By Joe Dziemianowicz / March 14, 2019

Supreme Court Ruled Remington Gunmakers Can Be Sued Over Sandy Hook Shooting

A wrongful marketing claim is allowed to proceed.

A sign stands near the site of the December 2012 Sandy Hook school shooting on the day of the National School Walkout on March 14, 2018 in Sandy Hook Connecticut. Several hundred students at the school, near the site of the Sandy Hook school massacre of December 14, 2012, staged a protest one month after 17 people were killed at Stoneman Douglas High School in Parkland, Florida. Media and visitors were not allowed on the Newtown High campus for the event.  (Getty Images)
A sign stands near the site of the December 2012 Sandy Hook school shooting on the day of the National School Walkout on March 14, 2018 in Sandy Hook Connecticut. Several hundred students at the school, near the site of the Sandy Hook school massacre of December 14, 2012, staged a protest one month after 17 people were killed at Stoneman Douglas High School in Parkland, Florida. Media and visitors were not allowed on the Newtown High campus for the event. (Getty Images)

Remington, the nation’s oldest gunmaker, can be sued over how it marketed the Bushmaster rifle used to kill 20 children and six educators at Sandy Hook Elementary School in 2012, the Connecticut Supreme Court ruled Thursday.

Justices in the state’s highest court issued a narrow 4-3 decision that reinstated a wrongful death lawsuit overturned by a lower court ruling that the legal action was prohibited by a 2005 federal ruling, the Associated Press reported. That 14-year-old decision shields gun manufacturers from liability when their products are used in crimes in most, but not all, instances.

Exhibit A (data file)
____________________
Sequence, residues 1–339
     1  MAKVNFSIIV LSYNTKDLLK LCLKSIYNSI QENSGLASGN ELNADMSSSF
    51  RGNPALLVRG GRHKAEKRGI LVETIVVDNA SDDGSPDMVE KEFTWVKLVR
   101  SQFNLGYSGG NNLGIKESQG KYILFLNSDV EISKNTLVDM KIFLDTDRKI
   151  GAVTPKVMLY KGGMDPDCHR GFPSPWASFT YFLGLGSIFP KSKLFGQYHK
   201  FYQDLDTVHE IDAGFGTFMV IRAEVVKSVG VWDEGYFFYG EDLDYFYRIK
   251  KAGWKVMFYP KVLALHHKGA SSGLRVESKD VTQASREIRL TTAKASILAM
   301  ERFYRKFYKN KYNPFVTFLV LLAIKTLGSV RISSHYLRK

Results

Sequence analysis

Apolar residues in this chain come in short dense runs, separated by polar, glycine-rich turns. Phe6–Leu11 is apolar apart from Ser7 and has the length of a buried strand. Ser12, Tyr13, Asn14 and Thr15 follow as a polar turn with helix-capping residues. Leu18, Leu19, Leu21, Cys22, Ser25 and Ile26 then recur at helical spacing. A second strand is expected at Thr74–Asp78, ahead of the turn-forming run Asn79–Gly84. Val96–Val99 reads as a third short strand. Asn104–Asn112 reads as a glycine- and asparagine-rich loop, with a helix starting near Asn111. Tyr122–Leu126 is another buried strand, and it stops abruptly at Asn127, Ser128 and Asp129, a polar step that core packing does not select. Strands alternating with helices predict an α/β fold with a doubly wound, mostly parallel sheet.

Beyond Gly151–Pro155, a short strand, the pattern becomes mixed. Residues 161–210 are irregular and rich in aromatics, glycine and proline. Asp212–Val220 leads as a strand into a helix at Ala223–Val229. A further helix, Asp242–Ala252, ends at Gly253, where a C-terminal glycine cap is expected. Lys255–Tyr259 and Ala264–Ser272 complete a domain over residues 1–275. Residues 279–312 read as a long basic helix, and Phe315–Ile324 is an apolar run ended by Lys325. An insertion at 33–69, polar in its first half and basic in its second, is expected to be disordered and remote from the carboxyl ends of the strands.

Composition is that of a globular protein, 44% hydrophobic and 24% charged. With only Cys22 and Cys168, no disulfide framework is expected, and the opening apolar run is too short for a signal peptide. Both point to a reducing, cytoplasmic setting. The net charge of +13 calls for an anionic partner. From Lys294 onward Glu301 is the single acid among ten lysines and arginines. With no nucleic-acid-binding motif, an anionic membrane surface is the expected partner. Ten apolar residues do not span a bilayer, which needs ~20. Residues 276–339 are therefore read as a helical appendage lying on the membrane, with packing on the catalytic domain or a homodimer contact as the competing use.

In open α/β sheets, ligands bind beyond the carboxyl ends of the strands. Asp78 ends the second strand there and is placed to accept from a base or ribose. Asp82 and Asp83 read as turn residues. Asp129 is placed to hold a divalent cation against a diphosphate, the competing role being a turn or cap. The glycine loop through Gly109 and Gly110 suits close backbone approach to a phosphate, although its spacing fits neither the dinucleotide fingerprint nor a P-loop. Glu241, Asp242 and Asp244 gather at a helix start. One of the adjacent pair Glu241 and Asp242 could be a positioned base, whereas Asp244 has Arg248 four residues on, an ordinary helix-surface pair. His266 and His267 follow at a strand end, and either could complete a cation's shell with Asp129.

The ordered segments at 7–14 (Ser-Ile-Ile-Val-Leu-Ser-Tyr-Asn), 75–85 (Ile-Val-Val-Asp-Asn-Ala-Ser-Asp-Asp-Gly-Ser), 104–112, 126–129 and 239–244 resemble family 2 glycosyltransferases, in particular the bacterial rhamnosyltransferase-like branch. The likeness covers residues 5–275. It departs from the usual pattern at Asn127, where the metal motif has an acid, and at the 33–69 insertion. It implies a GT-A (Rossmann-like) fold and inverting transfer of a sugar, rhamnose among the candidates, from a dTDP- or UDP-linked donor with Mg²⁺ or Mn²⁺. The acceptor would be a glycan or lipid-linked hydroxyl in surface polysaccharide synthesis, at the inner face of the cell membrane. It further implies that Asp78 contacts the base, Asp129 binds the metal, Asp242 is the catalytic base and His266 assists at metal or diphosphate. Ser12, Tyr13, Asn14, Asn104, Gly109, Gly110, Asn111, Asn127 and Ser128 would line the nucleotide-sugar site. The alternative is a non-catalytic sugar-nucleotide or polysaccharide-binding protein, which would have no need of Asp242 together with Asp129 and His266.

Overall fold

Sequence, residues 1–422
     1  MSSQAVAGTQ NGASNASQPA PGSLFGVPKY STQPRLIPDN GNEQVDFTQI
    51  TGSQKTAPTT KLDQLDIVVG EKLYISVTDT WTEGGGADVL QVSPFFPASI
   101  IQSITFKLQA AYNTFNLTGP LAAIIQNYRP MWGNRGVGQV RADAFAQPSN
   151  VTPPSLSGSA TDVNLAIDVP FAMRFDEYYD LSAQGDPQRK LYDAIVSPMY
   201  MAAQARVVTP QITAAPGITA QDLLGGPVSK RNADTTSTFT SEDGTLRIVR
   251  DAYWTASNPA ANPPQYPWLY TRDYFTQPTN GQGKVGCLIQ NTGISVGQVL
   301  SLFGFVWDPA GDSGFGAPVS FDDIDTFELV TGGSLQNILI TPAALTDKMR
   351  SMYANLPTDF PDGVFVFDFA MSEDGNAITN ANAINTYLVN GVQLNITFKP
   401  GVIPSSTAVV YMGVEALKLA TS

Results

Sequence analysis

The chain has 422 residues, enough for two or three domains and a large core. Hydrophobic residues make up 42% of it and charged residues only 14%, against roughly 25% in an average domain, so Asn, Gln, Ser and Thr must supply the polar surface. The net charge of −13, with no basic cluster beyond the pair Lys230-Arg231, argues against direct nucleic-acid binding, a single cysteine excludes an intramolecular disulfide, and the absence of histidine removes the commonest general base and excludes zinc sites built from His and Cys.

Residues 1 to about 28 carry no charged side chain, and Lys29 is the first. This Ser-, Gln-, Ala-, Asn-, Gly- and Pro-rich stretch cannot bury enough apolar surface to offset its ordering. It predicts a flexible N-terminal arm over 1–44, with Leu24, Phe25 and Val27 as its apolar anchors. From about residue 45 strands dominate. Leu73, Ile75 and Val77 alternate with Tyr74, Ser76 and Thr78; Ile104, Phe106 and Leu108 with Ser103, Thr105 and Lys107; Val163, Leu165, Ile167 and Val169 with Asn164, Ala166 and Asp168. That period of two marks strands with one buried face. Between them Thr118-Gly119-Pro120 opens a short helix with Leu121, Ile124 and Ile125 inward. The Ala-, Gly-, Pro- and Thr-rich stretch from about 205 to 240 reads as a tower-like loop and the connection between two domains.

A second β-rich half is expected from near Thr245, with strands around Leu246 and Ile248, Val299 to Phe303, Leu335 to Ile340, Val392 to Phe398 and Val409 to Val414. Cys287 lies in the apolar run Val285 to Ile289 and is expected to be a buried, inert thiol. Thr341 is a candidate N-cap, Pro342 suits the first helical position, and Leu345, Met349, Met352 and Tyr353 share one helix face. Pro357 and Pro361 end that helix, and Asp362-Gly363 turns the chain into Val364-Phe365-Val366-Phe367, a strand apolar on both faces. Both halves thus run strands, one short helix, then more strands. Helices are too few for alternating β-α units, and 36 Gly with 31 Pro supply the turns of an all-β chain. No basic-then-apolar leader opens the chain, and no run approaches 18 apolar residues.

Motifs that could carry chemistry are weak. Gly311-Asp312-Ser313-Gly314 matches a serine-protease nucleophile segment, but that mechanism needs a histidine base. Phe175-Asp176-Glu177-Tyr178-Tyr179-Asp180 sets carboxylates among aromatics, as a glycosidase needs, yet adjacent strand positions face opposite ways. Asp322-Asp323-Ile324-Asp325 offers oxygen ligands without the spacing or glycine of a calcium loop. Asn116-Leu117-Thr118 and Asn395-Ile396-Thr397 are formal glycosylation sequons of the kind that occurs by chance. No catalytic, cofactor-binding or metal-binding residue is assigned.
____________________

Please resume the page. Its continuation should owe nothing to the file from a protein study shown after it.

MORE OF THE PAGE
While the majority of the state’s Supreme Court agreed with most of the lower court’s ruling and dismissed many of the suit’s allegations, a wrongful marketing claim can proceed.

“The regulation of advertising that threatens the public’s health, safety, and morals has long been considered a core exercise of the states’ police powers,” Justice Richard Palmer wrote for the majority.

Plaintiffs in the suit include a survivor and relatives of nine people killed in the massacre, reported AP. They contend that the AR-15-style rifle used by shooter Adam Lanza on Dec. 14, 2012 is too dangerous for the public. They argue that Remington glorified the weapon in marketing it to young people.

“The families are grateful that our state’s Supreme Court has rejected the gun industry’s bid for complete immunity, not only from the consequences of their reckless conduct but also from the truth-seeking discovery process,” said the families’ lead attorney, Josh Koskoff, in a prepared statement.

“The families’ goal has always been to shed light on Remington’s calculated and profit-driven strategy to expand the AR-15 market and court high-risk users, all at the expense of Americans’ safety,” the attorney added.

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